Power Laws: Optimizing Demand-side Strategies Hosted By Schneider Electric
The objective is to create an optimization algorithm that effectively uses available solar power, building energy consumption, and a battery system to buy, sell, and consume energy in the way that saves the most money and puts the least demand on the energy grid.
For this challenge, you will be provided the input data where each row represents a time at which you have to make a decision whether to consume power from the battery or to charge the battery.
This competition is not a standard DrivenData machine learning competition. Instead, competitors will submit a Python file,
battery_controller.py that implements
Battery.propose_state by the close of the competition. This code will be executed after the competition to determine the best performing algorithms.
Your algorithm must be engineered to accept data as defined by the
BatteryController.propose_state function and use that data to propose a new state for the charge of the battery. The data passed to that function are as follows:
site_id- The current site (building) id in case the model does different work per site
timestamp- The current date and time.
battery- A battery object with properties like
current_chargewhich is a float from 0 (empty) to 1 (full).
actual_previous_load- The actual load (consumption) of the site during the last time step.
actual_previous_pv_production- The actual pv available to the site during the last time step.
array) - The actual prices to buy energy for the next 96 time steps.
array) - The actual prices to sell energy for the next 96 time steps.
array) - A forecast for the load (consumption) at the site for the next 96 time steps. Actual consumption may or may not match the forecast.
array) - A forecast for the photovoltaic energy that will be available at the site for the next 96 time steps. Actual pv production may or may not match the forecast.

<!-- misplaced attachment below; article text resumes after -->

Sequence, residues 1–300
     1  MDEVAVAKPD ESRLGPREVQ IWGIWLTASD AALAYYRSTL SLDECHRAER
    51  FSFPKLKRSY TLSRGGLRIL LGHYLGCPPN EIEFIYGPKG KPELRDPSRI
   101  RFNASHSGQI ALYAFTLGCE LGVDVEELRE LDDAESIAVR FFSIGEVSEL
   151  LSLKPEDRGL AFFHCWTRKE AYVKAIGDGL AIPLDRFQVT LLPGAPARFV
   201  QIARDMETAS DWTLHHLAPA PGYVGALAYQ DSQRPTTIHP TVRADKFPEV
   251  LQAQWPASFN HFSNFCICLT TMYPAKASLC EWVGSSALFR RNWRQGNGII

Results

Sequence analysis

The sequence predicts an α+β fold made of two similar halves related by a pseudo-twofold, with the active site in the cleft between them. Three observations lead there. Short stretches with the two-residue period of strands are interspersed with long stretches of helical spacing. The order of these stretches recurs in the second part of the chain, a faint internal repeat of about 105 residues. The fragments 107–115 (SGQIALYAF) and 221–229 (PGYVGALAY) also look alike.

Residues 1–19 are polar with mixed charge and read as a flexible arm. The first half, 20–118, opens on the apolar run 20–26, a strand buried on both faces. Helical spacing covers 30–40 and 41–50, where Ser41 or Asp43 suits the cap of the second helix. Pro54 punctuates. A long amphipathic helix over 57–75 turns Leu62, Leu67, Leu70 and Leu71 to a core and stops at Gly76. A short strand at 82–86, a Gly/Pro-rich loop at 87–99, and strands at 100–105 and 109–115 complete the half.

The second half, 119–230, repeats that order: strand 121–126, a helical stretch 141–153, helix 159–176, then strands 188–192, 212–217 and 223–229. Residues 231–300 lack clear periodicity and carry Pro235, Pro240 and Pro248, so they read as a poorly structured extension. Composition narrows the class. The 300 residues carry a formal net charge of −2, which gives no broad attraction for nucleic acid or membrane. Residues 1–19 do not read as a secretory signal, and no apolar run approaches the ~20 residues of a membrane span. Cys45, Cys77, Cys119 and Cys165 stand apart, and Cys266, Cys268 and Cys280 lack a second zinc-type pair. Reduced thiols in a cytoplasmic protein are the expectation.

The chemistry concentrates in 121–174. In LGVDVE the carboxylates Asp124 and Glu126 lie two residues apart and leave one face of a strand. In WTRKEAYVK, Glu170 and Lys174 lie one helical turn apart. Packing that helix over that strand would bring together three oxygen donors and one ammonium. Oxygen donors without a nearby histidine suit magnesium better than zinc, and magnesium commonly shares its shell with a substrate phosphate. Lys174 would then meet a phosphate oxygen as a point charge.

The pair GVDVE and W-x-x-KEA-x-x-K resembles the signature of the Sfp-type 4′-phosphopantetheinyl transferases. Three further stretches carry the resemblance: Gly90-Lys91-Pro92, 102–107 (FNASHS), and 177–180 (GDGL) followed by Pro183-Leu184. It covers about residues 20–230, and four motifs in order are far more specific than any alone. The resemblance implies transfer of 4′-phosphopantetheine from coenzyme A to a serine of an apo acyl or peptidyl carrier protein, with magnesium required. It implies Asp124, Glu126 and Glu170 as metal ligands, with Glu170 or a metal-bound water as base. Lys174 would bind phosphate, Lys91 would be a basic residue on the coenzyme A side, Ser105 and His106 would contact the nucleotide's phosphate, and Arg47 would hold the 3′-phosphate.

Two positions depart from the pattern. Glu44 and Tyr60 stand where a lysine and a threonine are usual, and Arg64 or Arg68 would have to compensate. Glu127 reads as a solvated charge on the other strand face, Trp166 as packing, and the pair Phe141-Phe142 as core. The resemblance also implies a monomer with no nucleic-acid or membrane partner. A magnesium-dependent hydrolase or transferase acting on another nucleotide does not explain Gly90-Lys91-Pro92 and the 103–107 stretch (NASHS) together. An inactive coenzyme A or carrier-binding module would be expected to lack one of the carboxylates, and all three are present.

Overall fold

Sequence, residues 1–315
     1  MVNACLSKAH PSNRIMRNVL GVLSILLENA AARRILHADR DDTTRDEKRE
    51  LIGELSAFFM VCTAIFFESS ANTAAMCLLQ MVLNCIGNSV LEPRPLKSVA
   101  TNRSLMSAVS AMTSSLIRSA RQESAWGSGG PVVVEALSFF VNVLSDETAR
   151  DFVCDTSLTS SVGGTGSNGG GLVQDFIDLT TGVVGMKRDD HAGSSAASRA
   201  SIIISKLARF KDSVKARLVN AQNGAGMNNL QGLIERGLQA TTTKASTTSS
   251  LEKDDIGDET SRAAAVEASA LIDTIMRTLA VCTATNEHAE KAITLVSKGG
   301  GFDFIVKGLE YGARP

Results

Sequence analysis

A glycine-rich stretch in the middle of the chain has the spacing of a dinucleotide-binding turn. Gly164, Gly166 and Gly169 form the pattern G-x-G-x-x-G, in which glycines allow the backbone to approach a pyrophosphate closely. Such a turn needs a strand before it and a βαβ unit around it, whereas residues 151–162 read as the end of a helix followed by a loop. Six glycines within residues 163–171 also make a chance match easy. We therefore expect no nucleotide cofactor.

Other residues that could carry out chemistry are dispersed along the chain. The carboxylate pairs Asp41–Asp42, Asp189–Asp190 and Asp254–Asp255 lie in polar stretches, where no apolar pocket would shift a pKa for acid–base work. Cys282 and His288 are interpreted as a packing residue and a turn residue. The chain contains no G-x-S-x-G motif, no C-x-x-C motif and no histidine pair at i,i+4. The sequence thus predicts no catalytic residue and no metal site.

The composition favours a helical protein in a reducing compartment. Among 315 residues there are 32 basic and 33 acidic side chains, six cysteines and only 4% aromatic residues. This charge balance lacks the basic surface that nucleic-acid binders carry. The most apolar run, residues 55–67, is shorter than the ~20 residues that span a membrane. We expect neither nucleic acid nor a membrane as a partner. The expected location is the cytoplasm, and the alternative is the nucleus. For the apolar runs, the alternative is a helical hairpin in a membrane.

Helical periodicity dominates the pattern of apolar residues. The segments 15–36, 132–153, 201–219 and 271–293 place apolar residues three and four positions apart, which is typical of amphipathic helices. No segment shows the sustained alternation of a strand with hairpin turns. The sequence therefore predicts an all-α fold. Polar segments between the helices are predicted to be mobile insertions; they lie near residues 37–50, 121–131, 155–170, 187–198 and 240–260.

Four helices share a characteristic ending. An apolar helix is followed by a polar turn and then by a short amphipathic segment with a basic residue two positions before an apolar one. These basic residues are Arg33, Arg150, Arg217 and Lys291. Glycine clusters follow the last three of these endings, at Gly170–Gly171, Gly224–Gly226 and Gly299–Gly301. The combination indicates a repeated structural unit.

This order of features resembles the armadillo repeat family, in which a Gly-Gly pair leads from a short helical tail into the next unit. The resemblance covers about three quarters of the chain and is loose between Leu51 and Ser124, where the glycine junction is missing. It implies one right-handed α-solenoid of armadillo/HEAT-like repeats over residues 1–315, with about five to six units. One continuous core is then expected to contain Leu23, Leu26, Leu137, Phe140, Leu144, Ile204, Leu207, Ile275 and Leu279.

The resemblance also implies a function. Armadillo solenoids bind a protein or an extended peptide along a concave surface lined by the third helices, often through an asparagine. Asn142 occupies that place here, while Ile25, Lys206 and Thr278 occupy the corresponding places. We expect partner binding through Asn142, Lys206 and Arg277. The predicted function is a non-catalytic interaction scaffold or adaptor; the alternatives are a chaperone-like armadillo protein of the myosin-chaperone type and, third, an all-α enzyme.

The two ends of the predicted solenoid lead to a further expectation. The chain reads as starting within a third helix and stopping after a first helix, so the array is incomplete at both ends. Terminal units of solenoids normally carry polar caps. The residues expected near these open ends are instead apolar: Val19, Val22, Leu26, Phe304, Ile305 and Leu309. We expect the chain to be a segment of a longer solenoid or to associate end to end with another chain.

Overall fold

The load and PV forecasts are not perfect. This means that the actual load and PV production are not known when the
propose_state method is called. After a proposal is made, the actual values (not the forecast) will be used to determine at what cost the proposed state of charge can effectively be attained.
We provide two folders of data, and each one contains a single
csv file named with the site id (e.g.,
2.csv). The two folders are:
submit: contains site simulations for ~10 days. This should be used by the simulation script to generate a leaderboard submission.
train: a much longer period of data for discovering patterns and training algorithms that may be used in generating submissions.
There is a file for each site within these folders, and those files have the following columns:
timestamp: The date and time of the observation
site_id: An arbitrary id for the site (building)
period_id: IDs that indicate consecutive time periods
actual_consumption: The actual building consumption at a particular timestep (i.e., the consumption during the previous 15 minutes).
actual_pv: The actual photovoltaic energy produced at this timestep (i.e., the pv productions during the previous 15 minutes)
load_XX: For XX from 00 to 95, a forecast for the consumption where each subsequent value is 15 minutes later.
load_00is a forecast for the load in the next 15 minutes. These values are forecasts, and so will not exactly match the actual consumption at that timestep.